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Microscope



 

A microscope (Greek: μικρόν (micron) = small + σκοπεῖν (skopein) = to look at) is an instrument for viewing objects that are too small to be seen by the naked or unaided eye. The science of investigating small objects using such an instrument is called microscopy. The term microscopic means minute or very small, not visible with the eye unless aided by a microscope. The microscopes used in schools and homes trace their history back almost 400 years.

The first useful microscope was developed in the Netherlands in the early 1600s.[1] Three different eyeglass makers have been given credit for the invention: Hans Lippershey (who also developed the first real telescope); Hans Janssen; and his son, Zacharias.

The most common type of microscope—and the first to be invented—is the optical microscope. This is an optical instrument containing one or more lenses that produce an enlarged image of an object placed in the focal plane of the lens(es). There are, however, many other microscope designs.

Additional recommended knowledge

Contents

Types

    "Microscopes" can largely be separated into two classes, optical theory microscopes and scanning probe microscopes.

Optical theory microscopes are microscopes which function through the optical theory of lenses in order to magnify the image generated by the passage of a wave through the sample. The waves used are either electromagnetic in optical microscopes or electron beams in electron microscopes. The types are the Compound Light, Stereo, and the electron microscope.

Optical microscopes

Main article: Optical microscope

Optical microscopes, through their use of visible wavelengths of light, are the simplest and hence most widely used type of microscope. Recent research has shown (see Brian J. Ford's research on simple microscopes) that even simple microscopes, those with a single small lens, gave amazingly clear images to the earliest microscopists. Today compound microscopes, i.e., especially those with a series of lenses, serve uses in many fields of science, particularly biology and geology.

Optical microscopes use refractive lenses, typically of glass and occasionally of plastic, to focus light into the eye or another light detector. Typical magnification of a light microscope is up to 1500x with a theoretical resolution of around 0.2 micrometres. Specialised techniques (e.g., scanning confocal microscopy) may exceed this magnification but the resolution is an insurmountable diffraction limit.

Various wavelengths of light are sometimes used for special purposes, for example, in the study of biological tissue. Ultraviolet light is used to illuminate the object being viewed in order to excite a fluorescent dye which then emits visible light. Infrared light is used to study thick slices of biological tissue because infrared light's low diffraction coefficient permits viewing deeper into tissue.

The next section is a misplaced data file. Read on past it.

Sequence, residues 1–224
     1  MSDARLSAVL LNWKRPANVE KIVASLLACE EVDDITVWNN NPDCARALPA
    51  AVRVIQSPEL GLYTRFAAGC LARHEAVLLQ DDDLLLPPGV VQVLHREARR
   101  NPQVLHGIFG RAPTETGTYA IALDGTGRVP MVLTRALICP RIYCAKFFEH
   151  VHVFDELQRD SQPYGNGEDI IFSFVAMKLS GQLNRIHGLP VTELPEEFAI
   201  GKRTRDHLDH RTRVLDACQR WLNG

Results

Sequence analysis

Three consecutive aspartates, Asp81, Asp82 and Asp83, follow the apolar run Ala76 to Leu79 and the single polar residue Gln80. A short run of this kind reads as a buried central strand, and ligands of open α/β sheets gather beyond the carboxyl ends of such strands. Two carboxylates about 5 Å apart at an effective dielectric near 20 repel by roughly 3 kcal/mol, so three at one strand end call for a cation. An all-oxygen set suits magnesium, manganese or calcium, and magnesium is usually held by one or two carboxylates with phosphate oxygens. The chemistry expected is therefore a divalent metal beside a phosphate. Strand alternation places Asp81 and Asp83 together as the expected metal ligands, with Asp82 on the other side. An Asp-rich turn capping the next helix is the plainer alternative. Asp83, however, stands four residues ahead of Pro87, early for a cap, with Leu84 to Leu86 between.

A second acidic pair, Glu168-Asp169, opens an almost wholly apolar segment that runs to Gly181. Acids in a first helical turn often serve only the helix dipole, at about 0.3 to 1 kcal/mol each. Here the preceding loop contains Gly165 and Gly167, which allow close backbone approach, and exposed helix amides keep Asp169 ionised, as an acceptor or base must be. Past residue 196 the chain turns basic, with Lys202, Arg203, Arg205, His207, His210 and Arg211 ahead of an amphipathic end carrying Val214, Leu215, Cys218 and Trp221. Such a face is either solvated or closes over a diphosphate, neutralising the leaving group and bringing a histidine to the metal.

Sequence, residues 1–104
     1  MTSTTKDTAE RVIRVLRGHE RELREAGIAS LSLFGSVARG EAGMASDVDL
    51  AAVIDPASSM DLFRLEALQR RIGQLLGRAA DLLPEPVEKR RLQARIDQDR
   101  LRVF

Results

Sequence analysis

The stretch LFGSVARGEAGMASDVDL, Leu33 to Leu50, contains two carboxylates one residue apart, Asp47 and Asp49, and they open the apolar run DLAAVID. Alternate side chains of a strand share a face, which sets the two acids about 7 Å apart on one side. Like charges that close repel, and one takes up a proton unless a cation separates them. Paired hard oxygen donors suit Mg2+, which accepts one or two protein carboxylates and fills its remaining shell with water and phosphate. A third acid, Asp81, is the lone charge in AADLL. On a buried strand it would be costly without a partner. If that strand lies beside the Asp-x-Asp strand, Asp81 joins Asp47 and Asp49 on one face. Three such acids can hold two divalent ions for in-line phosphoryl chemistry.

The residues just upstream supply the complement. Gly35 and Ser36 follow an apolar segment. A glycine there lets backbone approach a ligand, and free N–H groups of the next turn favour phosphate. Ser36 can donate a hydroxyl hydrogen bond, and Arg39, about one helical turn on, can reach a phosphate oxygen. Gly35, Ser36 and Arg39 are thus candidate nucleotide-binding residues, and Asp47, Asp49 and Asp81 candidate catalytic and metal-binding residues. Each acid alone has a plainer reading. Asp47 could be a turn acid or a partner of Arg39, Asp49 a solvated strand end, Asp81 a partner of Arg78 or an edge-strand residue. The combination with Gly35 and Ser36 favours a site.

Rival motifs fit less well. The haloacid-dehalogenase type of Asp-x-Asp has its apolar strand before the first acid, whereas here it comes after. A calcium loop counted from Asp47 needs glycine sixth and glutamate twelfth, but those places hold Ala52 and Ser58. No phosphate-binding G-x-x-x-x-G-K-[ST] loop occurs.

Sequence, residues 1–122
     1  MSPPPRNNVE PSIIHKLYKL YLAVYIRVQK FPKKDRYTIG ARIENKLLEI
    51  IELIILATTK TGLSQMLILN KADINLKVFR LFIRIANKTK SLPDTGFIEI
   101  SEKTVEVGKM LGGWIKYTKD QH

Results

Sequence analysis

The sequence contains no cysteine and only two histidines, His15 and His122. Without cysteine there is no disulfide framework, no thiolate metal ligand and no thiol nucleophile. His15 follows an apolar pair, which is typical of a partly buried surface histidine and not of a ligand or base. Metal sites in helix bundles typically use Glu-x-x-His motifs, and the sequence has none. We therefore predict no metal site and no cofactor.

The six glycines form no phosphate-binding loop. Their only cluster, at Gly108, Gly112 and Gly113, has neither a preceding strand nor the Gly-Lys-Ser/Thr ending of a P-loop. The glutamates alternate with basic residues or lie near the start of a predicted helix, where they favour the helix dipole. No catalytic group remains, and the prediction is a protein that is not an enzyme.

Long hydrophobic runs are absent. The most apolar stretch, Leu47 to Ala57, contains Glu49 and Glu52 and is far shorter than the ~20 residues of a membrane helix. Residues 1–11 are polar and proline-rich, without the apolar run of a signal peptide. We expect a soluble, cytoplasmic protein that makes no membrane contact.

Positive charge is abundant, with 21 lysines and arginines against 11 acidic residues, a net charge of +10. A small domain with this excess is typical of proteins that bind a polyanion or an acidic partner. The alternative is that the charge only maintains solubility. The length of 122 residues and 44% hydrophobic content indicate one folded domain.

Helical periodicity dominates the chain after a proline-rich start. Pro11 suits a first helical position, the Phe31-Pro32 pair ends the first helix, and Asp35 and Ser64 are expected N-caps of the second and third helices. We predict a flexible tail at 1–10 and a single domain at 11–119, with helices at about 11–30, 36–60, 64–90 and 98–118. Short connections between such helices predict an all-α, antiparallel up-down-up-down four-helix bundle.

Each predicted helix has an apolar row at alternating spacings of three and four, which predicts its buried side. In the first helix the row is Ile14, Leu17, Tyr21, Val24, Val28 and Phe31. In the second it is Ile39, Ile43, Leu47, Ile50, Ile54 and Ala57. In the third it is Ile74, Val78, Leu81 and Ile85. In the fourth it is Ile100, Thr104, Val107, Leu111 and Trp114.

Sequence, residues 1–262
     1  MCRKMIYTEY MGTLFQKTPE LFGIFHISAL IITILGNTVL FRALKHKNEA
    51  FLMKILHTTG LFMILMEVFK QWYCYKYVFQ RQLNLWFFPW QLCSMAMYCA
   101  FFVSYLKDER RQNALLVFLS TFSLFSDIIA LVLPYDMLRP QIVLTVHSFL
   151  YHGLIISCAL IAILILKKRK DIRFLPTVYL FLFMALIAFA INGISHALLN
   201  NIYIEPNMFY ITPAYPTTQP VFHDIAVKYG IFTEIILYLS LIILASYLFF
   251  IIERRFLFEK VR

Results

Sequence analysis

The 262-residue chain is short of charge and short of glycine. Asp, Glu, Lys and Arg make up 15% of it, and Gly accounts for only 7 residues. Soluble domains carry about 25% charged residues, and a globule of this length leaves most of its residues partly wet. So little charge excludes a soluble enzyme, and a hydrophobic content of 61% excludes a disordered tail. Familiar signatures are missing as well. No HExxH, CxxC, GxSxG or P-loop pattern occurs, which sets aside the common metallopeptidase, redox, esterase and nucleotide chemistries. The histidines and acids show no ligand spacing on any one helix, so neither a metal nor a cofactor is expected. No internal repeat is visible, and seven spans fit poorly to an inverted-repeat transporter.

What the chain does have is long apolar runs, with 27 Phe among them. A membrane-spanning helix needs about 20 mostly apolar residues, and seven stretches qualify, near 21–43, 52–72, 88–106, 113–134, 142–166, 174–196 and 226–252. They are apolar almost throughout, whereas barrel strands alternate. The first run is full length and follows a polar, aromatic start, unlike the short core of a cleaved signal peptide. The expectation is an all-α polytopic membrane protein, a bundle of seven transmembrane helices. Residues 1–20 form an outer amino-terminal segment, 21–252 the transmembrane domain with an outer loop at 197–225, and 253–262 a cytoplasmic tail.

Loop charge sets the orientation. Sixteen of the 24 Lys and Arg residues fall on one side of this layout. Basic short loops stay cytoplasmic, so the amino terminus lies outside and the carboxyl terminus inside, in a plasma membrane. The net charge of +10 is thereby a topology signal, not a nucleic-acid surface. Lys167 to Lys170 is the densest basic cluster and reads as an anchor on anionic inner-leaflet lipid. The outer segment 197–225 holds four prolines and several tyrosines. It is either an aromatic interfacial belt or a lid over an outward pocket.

Other microscopes which use electromagnetic wavelengths not visible to the human eye are often called optical microscopes. The most common of these, due to its high resolution yet no requirement for a vacuum like electron microscopes, is the x-ray microscope.

Electron microscopes

Main article: Electron Microscope
 

Electron microscopes, which use beams of electrons instead of light, are designed for very high magnification usage. Electrons, which have a much smaller wavelength than visible light, allow a much higher resolution. The main limitation of the electron beam is that it must pass through a vacuum as air molecules would otherwise scatter the beam.

Instead of relying on refraction, lenses for electron microscopes are specially designed electromagnets which generate magnetic fields that are approximately parallel to the direction that electrons travel. The electrons are typically detected by a phosphor screen, photographic film or a charged-coupled device (CCD).

Two major variants of electron microscopes exist:

  • Scanning electron microscope: looks at the surface of bulk objects by scanning the surface with a fine electron beam and measuring reflection. May also be used for spectroscopy.
  • Transmission electron microscope: passes electrons completely through the sample, analogous to basic optical microscopy. This requires careful sample preparation, since electrons are scattered so strongly by most materials. It can also obtain detailed information on the sample's crystallography through selected area diffraction

Scanning probe microscope

In scanning probe microscopy (SPM), a physical probe is used either in close contact to the sample or nearly touching it. By rastering the probe across the sample, and by measuring the interactions between the sharp tip of the probe and the sample, a micrograph is generated. The exact nature of the interactions between the probe and the sample determines exactly what kind of SPM is being used. Because this kind of microscopy relies on the interactions between the tip and the sample, it generally only measures information about the surface of the sample.

Other microscopes

Scanning acoustic microscopes use sound waves to measure variations in acoustic impedance. Similar to Sonar in principle, they are used for such jobs as detecting defects in the subsurfaces of materials including those found in integrated circuits.

Main article: Electron Microscope

References

  1. ^ http://nobelprize.org/educational_games/physics/microscopes/timeline/index.html

See also

 

 
This article is licensed under the GNU Free Documentation License. It uses material from the Wikipedia article "Microscope". A list of authors is available in Wikipedia.
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